It is hard now, she suggested, to understand the feeling among people back in 1580, when the Protestant faith was still seen as just a passing fad. Many went along with the new religion because of the need to keep their head on their shoulders. It was an insecure time. Many of the Catholic families believed that the whole of Protestant England hung on the “person” of the King. If only Queen Elizabeth could be removed, they felt, all would be well, especially with Mary Queen of Scots waiting in the wings. .
Moreover, the Pope had issued a Papal Bull, declaring Elizabeth’s reign illegal and implying that killing her would not be a sin. With religious schools on continent eagerly sending their students to convert Protestants and drumming up support for the Catholics once Elizabeth had been assassinated, there was no shortage of young men glad to do the deed.
So, said S,J, Parris, the Tudor age saw the beginning of modern espionage, in the person of Sir Francis Walsingham. He was, she said, quoting the Bond franchise, “the first M”. Although his grandfather was a common vintner and tradesman, Walsingham himself became central to the safety of England. Using a system of spies and ciphers and dead letter boxes, he set up a centralised intelligence system that led to the uncovering of treason such as the Babbington plot. This network helped the Tudor age become an era rich in exploration, science and intellectual growth.
Edwin Thomas, coming last on the list, spoke of the Ancient Greeks. Their culture, he pointed out, lay behind the grandeur of Rome. The Greeks were cosmopolitan globetrotters, valuing intellectual freedom and if we were to judge the best era as the one whose influence lasted longest, it was possible to see examples of Greek architecture, such as perfect Grecian pilasters, on many buildings around town. The Greeks, being great ship builders, invented the tri-reme. They fought many military wars of defence, including those against the Turks, a conflict that still has echoes in that area to this day. Without the Greeks, Thomas suggested, we could have been a colony of Iran. The Greek culture fed deep into the cultures of the Mediterranean and Britain, and their ferment of the Greek intellectual ideas still speaks to us today: witness the series of Greek plays running at The Almeida theatre on London. Democracy existed in Ancient Greece, he said, but did not reach England until the nineteenth century, and we have only just caught up, he claimed, with their relaxed attitude to sexuality. Besides, he added, think of the weather in Greece, a climate that allowed the establishment of open air symposiums, and to the teachings of Socrates and Plato.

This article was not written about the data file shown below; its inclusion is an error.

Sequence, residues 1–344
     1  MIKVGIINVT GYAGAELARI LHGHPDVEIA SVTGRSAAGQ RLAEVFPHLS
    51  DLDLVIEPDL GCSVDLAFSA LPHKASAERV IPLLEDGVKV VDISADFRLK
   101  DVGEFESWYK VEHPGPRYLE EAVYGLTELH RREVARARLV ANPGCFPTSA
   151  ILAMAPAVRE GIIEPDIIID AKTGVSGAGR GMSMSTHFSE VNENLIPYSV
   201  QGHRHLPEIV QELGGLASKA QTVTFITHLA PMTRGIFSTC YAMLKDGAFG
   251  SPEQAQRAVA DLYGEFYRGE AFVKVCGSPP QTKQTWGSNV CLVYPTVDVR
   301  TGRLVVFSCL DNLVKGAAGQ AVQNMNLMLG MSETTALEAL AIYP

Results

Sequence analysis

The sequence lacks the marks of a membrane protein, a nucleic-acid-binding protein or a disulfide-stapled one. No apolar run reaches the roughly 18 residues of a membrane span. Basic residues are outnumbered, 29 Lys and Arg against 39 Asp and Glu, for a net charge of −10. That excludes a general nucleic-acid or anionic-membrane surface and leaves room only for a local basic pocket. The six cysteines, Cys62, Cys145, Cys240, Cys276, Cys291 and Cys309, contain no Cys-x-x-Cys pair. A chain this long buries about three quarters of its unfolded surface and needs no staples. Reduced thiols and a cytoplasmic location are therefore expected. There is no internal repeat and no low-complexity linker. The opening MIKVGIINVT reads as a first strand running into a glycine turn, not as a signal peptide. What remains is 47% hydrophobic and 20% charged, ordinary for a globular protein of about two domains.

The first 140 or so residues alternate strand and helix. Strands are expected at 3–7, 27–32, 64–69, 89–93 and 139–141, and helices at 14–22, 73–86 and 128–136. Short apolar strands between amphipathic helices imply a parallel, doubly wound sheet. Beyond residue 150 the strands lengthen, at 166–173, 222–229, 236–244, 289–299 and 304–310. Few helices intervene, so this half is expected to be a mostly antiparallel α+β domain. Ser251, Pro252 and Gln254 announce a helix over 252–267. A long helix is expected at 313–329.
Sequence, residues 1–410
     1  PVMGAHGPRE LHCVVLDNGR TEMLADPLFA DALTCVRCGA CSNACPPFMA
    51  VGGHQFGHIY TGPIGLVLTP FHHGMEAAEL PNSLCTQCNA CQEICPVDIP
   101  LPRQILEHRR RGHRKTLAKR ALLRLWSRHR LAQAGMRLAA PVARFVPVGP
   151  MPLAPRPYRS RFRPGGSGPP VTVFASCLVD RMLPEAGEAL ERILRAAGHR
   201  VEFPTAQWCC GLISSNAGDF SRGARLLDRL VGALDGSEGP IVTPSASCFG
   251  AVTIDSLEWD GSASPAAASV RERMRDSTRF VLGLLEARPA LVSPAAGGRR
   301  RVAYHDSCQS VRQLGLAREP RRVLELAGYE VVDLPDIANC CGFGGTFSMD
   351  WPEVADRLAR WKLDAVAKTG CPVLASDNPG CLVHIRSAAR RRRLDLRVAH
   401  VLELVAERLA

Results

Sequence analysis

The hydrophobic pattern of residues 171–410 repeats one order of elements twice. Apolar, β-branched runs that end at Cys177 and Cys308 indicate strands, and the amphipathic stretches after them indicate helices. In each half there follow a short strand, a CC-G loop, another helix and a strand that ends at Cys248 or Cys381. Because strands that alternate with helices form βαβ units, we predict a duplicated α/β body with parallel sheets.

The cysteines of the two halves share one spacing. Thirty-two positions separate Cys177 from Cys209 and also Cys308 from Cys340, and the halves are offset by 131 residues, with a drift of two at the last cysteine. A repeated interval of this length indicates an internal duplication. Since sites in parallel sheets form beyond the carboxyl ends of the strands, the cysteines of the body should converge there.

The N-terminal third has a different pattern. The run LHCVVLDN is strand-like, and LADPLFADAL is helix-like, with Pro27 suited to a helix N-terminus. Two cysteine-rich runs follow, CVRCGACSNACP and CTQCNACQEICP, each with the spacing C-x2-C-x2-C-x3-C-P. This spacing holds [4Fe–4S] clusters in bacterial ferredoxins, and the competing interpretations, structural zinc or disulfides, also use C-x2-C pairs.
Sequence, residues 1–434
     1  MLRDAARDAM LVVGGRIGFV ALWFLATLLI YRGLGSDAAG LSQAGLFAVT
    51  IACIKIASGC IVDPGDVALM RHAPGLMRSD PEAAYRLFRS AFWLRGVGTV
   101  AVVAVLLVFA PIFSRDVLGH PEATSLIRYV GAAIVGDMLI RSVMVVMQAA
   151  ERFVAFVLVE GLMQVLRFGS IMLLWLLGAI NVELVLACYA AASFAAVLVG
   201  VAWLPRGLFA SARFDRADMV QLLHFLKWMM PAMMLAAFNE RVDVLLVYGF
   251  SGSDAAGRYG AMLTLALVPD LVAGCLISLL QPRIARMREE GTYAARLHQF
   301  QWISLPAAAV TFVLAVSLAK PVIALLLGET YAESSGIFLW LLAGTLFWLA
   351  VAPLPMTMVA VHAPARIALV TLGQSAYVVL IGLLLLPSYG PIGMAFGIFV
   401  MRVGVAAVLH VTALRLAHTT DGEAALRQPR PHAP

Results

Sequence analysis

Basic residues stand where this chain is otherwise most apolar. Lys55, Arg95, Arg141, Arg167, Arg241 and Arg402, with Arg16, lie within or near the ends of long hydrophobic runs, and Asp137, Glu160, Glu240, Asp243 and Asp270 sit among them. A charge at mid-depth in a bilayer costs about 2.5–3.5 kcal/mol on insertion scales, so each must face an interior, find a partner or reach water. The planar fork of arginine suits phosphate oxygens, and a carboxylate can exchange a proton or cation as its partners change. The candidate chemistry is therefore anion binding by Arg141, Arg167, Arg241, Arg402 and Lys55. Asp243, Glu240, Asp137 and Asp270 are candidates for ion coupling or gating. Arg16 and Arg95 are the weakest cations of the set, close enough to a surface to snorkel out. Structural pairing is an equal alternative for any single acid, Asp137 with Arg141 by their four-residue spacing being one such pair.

I must admit that novelist Antonia Hodgson was so busy keeping the peace between these four passionate arguments that she had no time to defend “her” era - the eighteenth century - during this "contest" at Harrogate’s History Festival.Janina won the vote, mainly because she stressed the role of women in the Viking era which rather won this particular audience.
I wonder what era would be your personal favourite - or maybe it is really is impossible to choose?